Escape the Grid is a set of crossword puzzles with individual metapuzzles and a final metapuzzle created by Bewilderingly.
Style of Play: 10-crossword puzzle suite, each with a metapuzzle leading to the next crossword puzzle
Required Equipment: computer with internet connection and either a printer, pen, and paper, or digital crossword software
These are PDFs designed for print solving, but you can also solve on screen. There is a .puz file included for use in digital crossword software. Across Lite worked well.
Recommended Team Size: 1-2
Play Time: There is no game clock. It took anywhere from 3-6 hours total to solve everything.
Price: pay what you want
Booking: buy and play at your leisure
Although this is called Escape the Grid, it is not an escape room; it is a series of crossword puzzles, presented with light storytelling and gating that is influenced by escape rooms. Players will solve a crossword puzzle, and then use that solved crossword to solve a metapuzzle that extracts the 4-letter word that will unlock the next crossword puzzle. There are 10 total crosswords with metapuzzles. These all culminate in a final metapuzzle.
Hivemind Review Scale
The Lone Puzzler’s Reaction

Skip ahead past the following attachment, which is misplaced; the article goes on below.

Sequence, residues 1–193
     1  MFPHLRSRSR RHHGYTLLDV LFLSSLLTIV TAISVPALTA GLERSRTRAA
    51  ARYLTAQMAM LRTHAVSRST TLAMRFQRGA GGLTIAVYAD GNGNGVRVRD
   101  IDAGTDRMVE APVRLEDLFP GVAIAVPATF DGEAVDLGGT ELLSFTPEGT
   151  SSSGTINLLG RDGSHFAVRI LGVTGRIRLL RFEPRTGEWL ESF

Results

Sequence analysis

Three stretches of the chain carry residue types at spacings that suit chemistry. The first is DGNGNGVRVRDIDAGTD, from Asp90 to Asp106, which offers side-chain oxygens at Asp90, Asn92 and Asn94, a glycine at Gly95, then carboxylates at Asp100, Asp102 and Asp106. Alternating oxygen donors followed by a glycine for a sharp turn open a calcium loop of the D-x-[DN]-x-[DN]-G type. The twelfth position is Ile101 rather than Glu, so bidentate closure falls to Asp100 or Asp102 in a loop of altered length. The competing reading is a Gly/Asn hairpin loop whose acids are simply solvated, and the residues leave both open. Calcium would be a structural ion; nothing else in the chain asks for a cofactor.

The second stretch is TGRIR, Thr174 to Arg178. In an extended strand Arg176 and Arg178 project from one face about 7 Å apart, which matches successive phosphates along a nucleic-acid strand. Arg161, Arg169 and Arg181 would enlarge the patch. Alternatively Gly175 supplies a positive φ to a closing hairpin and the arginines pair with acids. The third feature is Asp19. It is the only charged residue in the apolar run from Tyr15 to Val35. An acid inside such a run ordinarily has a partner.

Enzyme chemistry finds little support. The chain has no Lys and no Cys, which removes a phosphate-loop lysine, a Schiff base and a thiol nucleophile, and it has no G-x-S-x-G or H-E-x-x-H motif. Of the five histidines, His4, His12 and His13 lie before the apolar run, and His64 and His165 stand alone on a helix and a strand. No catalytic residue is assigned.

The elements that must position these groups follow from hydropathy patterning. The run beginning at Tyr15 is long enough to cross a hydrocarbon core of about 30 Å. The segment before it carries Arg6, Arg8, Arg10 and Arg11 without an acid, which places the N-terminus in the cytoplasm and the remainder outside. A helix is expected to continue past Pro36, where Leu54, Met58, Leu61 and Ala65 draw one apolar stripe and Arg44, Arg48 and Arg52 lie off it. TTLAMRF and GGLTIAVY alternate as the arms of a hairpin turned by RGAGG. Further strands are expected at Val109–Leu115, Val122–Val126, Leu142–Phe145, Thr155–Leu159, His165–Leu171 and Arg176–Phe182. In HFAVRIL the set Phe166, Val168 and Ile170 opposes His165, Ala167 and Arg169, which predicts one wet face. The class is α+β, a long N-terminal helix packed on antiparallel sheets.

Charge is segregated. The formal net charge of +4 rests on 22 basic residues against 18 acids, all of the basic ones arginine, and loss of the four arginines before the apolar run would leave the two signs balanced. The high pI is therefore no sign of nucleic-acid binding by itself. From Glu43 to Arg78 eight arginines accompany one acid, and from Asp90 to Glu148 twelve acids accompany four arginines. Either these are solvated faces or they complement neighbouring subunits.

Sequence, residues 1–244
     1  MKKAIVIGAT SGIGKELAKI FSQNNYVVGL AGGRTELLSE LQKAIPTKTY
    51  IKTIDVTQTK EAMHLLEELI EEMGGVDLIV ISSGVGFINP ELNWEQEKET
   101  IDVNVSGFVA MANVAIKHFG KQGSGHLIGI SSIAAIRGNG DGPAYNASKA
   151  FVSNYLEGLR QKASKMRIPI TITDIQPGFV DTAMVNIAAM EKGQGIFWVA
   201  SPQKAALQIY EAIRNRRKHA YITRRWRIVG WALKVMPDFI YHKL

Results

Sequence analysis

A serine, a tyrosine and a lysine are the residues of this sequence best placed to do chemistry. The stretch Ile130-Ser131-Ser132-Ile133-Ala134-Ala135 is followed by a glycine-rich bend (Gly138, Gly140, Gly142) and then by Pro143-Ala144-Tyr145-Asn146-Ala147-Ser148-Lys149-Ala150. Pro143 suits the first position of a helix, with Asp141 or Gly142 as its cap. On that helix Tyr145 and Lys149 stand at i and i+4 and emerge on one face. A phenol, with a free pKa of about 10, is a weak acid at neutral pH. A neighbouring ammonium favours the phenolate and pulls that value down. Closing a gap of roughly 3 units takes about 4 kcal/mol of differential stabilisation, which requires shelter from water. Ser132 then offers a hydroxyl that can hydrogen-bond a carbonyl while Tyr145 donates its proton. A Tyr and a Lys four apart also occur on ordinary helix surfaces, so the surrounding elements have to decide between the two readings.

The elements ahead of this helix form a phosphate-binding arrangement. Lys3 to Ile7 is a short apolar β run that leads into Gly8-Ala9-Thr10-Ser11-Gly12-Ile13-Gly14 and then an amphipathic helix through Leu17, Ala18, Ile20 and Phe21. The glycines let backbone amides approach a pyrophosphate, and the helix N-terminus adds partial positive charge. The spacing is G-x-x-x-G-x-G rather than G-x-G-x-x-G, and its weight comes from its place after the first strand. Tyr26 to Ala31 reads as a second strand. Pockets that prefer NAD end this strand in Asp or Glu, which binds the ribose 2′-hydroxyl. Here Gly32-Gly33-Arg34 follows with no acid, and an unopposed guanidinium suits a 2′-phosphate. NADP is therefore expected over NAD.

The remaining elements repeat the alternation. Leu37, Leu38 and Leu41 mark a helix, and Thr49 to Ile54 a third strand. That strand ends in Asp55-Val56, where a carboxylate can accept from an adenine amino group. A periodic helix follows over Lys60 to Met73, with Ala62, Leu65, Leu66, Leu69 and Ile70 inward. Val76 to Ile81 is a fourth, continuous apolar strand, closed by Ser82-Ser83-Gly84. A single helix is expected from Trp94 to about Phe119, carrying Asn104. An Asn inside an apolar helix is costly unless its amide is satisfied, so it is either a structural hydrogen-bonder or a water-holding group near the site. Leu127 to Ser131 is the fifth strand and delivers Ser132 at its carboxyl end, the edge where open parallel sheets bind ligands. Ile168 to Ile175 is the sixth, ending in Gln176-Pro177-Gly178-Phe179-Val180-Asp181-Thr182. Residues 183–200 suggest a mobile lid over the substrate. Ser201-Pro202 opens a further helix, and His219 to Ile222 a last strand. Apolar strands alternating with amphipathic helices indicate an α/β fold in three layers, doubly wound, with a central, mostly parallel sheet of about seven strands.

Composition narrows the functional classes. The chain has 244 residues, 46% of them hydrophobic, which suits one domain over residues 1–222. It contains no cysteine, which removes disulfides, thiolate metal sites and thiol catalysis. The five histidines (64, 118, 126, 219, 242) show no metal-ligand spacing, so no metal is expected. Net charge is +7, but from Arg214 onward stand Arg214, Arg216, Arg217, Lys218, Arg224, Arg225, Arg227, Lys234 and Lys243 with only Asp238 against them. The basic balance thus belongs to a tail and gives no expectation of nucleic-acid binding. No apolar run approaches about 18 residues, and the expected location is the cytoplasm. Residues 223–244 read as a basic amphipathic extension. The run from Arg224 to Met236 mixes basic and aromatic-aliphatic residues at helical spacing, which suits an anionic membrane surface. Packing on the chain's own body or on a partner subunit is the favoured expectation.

This one is tough to review. It is not an escape game at all. It is a series of crossword puzzles with a hidden password/code in each puzzle. I would recommend this to puzzlers; I would not recommend it for casual escape game players looking for a one-hour immersive experience. The crossword puzzles are of moderate difficulty – with Google, probably solvable for most puzzlers. The hidden codes get harder and harder and exceed the difficulty of most escape room puzzles by about puzzle 3 or 4 (out of 10). The puzzle set comes with hints and solutions – so you will have the opportunity to move forward as you see fit if you get stuck. There is no time limit, so you can work at your own pace. My playthrough of the set included use of hints for probably half of the codes or metas. The end of the set was an “escape” puzzle which tied things together well, but was not an escape room-like experience. If you enjoy paper puzzle challenges, this is a good set of puzzles to play – otherwise you might be disappointed since despite the title, it isn’t really a home “escape” game.